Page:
But in terms of holding someone accountable to an agreement they have not made - it occurs all the time. So if you do not have an explicit agreement around something and you find yourself cutting them off or punishing them in some way - be it punitive or by simply withholding connection - you can reconnect again and take care of your own needs by simply making a request - and they then do not have to guess what your needs are, you are taken care of, and you can get back to connection and love - which hopefully is the primary purpose of your relating.

Hopefully.

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The Importance of Taking Time To Heal After A Breakup

breakupo-grief The importance of taking time to heal after a breakup by Jason McClain

The most cringe-worthy statements I've heard on how to handle breakup grief:

From a woman: "The best way to get over a man is to get under another one."  From a man: "Just drown yourself in p*ssy until you forget her."

There are so many things off with this I am not even sure where to begin, but I will start with the fact that it will not help you get over them at all. It may numb the pain - it may anesthetize you - but so much of the gift and benefits in facing the pain will be lost.

It is important to grieve and give yourself time to heal. 

After each relationship, I recommend taking at least 6 months and stay single and celibate during that time. In the last 15 years, I have had periods of being single and celibate that were 14 months, 18 months, 22 months, and 7 months. None of them started out as intentional - other than knowing I needed to take time - and the duration was undetermined when those periods began, but there are several solid reasons for this.

Reasons To Take Time After A Breakup

1. You are not truly fit and ready for healthy romantic love until you are fundamentally okay being alone; you have to love yourself before you can love another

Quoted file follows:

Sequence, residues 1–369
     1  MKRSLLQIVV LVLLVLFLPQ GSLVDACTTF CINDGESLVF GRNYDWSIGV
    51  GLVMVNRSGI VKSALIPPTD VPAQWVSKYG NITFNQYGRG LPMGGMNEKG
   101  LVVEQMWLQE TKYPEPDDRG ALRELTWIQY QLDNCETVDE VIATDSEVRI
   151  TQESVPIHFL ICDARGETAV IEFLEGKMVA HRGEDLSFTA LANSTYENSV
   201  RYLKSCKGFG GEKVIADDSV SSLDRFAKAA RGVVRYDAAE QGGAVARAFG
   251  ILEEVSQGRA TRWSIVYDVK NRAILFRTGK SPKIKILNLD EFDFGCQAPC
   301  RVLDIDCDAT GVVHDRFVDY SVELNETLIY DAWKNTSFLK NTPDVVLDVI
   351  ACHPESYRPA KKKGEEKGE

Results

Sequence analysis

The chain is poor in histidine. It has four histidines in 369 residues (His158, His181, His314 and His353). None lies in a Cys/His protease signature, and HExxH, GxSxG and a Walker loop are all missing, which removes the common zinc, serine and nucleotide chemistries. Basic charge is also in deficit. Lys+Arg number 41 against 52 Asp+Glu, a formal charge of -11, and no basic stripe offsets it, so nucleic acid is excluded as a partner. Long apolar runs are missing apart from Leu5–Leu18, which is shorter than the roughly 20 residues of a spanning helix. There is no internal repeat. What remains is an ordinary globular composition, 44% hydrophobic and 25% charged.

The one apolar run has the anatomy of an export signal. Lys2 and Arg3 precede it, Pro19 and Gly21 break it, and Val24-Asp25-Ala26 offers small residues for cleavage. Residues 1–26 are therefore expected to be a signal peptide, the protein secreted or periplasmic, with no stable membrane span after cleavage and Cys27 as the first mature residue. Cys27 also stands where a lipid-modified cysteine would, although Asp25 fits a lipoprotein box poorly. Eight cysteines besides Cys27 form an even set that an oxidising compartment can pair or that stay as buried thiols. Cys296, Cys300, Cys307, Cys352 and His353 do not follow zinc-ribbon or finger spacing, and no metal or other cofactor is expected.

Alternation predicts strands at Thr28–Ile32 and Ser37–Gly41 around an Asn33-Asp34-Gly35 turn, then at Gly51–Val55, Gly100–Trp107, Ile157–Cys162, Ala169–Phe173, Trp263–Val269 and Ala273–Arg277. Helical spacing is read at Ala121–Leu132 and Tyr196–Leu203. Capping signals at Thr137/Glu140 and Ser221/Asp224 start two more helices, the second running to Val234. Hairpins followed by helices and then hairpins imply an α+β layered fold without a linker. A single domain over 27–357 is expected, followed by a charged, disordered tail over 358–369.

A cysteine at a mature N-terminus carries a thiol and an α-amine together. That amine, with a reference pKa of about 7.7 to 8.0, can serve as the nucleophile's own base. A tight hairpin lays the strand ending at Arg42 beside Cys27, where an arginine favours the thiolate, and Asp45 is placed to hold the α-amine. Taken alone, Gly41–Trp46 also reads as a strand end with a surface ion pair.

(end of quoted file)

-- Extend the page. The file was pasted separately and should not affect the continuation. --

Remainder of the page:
2. So you do not repeat the same patterns and mistakes.  Have you ever wondered why you date a person with the same problems or had the same kind of conflicts in each of your relationships?  Almost like the movie Groundhog Day? You can avoid that by taking the time to do some conscious and intentional work to resolve those patterns and triggers and gaining the benefit of new and more subtle intricacies and patterns.

3. Learn what you need to learn from the previous relationship. 

a. What was your part in the breakdowns and conflicts? What could you do differently to have a more loving, easeful, fulfilling experience

b. Which areas do you need to heal from your more distant past that impacted that relationship - the stuff that predated that relationship but were uncovered by the level of intimacy you shared?

c. What triggers arise that need to be cleared or healed?

4. Uplevel your next partner and next level of relating

a. What did you love about the love or lover that you want again in the future? 
b. What are the qualities and characteristics you want in your next lover that they shared?  
c. What new and additional qualities or characteristics do you want or need in addition?
d. What did you miss or skip over that you need to make sure has attention in the future?

5. So you can be more open, more present, and ready to love fully - rather than guarded, closed down, still hurt and scared to love again. So you are ready to love more fully, deeper, and more completely than you have before.